July 23, 2013
‘Tis the season for yamamomo (Myrica rubra), variously known to the English-speaking world as Chinese or Japanese bayberry, red bayberry, yumberry, Asian bog myrtle, Chinese strawberry tree or waxberry. Of these last two names the former comes from a resemblance to the strawberry tree (Arbutus unedo) and the latter because the fruit of other myrica species is coated in wax (from which candles can be made) and therefore they are known as wax myrtles or wax berries. However, despite sometimes being referred to as waxberry, the fruit of M. rubra does not have a waxy coating. A friend who lives without electricity (and thus always interested in potential sources of candle wax) has been wholly unsuccessful, despite her best attempts, in extracting any wax from M. rubra.
The Japanese name, yamamomo (山桃), means ‘mountain (yama 山) peach (momo 桃)’ although there is nothing very peach-like about the fruits of yamamomo. But then neither is there much peach-like about the native plums which are called sumomo (which once meant vinegar, or sour, (su 酸) peach (momo 桃), although in contemporary Japanese sumomo is usually written 李 which obfuscates this older meaning). As far as I can see the only thing these other momo’s have in common with peaches is that they are round, stone fruits and usually red-ish.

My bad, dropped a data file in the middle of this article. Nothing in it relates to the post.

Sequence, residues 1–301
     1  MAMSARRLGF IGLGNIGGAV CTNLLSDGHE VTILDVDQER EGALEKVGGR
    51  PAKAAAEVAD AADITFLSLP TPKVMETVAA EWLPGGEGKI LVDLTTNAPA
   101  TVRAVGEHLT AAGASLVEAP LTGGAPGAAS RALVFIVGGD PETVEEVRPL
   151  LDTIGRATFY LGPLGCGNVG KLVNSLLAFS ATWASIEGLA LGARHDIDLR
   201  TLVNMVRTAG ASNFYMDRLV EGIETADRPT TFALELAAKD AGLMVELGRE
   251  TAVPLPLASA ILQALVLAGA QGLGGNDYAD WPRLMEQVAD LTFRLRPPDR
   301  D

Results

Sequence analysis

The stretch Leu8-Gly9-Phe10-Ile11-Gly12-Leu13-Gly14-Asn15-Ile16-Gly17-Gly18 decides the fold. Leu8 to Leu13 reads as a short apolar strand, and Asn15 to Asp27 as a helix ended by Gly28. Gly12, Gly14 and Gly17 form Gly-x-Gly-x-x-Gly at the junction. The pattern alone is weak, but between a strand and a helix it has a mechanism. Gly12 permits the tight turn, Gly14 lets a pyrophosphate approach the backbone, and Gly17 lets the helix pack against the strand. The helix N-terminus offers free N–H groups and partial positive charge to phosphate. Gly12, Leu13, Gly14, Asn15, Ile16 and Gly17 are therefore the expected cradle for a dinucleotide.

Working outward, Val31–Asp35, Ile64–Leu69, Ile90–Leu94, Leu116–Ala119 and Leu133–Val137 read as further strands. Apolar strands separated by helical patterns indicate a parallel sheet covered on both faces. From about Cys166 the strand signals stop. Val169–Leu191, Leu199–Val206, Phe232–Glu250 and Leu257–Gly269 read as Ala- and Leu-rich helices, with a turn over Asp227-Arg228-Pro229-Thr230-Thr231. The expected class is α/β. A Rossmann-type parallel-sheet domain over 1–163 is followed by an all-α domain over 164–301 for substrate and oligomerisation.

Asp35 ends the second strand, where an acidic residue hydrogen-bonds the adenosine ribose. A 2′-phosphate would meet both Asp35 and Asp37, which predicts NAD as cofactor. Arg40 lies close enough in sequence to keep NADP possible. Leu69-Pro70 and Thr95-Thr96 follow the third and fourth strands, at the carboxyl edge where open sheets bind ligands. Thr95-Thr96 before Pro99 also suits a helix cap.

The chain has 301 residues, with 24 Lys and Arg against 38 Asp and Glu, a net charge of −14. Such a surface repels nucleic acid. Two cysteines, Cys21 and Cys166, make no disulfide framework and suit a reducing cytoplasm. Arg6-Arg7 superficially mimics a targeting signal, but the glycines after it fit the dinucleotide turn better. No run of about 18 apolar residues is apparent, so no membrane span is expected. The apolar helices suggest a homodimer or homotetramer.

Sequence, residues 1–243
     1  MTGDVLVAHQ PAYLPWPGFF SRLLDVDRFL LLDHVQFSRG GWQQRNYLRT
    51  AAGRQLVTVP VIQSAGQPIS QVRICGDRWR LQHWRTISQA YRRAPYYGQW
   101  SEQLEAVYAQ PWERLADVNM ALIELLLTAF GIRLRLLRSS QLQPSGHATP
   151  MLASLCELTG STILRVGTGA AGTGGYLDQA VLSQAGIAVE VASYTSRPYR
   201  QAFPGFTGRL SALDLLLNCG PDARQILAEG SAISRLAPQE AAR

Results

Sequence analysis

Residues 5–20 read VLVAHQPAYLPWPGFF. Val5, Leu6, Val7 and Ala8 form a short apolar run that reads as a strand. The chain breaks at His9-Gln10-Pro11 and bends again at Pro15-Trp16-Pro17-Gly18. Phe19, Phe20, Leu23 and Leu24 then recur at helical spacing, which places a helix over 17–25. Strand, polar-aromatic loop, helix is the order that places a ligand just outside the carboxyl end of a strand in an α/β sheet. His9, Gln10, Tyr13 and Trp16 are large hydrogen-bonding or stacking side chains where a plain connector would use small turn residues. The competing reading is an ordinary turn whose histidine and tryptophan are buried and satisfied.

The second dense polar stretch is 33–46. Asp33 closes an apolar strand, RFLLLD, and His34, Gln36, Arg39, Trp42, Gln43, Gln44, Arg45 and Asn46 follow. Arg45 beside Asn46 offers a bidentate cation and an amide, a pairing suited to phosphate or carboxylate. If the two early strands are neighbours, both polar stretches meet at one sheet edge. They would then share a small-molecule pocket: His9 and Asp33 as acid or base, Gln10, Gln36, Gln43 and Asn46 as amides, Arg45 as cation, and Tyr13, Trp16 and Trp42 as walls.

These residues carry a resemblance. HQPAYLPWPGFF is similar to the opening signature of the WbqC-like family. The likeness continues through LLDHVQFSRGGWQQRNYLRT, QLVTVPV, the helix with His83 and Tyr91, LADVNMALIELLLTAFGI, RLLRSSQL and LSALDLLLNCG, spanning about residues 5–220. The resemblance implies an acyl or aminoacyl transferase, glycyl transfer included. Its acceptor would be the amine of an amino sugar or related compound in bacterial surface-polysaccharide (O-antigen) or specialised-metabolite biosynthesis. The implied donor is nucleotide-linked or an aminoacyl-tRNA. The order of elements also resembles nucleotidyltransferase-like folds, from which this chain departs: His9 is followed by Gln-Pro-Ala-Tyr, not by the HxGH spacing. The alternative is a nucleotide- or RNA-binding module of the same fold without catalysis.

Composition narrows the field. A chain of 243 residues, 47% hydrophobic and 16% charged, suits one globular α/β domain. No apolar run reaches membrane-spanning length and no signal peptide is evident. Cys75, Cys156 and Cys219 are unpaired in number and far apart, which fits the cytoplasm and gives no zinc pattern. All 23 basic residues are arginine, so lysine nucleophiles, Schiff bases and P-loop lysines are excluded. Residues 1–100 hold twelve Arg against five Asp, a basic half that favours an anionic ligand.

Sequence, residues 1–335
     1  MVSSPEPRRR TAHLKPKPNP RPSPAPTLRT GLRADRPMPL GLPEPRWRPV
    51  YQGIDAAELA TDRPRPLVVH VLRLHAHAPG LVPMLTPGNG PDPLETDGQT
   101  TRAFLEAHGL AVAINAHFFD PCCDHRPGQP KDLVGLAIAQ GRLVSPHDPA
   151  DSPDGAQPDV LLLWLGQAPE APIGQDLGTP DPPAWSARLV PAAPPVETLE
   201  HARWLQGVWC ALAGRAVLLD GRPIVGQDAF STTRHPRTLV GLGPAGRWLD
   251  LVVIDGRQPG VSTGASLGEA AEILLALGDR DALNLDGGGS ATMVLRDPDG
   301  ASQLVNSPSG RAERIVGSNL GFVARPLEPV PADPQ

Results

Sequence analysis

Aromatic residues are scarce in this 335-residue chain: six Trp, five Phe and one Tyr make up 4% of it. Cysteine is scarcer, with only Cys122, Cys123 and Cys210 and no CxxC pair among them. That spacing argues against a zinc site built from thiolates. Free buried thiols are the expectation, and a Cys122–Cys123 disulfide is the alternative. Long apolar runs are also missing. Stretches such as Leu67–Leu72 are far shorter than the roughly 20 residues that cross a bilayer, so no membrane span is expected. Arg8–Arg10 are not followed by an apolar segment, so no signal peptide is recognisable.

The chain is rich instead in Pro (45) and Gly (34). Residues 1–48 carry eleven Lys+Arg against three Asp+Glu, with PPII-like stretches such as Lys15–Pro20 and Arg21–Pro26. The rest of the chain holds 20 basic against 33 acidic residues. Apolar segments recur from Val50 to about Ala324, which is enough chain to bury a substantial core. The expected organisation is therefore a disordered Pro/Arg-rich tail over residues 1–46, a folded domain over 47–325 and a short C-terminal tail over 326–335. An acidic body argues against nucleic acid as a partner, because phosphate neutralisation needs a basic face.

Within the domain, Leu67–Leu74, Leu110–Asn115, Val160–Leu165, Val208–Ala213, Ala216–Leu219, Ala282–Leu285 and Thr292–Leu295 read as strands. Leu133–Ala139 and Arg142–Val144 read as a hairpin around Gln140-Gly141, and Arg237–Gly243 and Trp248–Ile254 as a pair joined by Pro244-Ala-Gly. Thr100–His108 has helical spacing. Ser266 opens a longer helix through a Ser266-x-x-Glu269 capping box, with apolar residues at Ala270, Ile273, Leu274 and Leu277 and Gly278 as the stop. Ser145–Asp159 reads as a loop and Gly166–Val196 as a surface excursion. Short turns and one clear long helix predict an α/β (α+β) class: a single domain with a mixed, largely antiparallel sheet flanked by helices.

The fruits of yamamomo are about 1.5 – 2 cm’s in diameter (there are cultivated varieties that have larger fruits however, according to local growers, the fruit is easily damaged by inclement weather at harvest time). The fruits grow in clusters and are dark red to purple when ripe. The tree is evergreen with leathery leaves and grey bark, reaching heights of 15 metres. It grows on forested mountain slopes (100 – 1500 metres) throughout southern China, Taiwan, Japan, Korea, the Philippines…
The fruits are refreshingly tart and may be eaten fresh though often they are served in a sweet syrup. They also make wonderful wine (and if you can make wine you can, of course, make vinegar too). In both China and Japan they are used to make a medicinal liquor (steeped in báijiǔ in China and shōchū in Japan). See recipes below.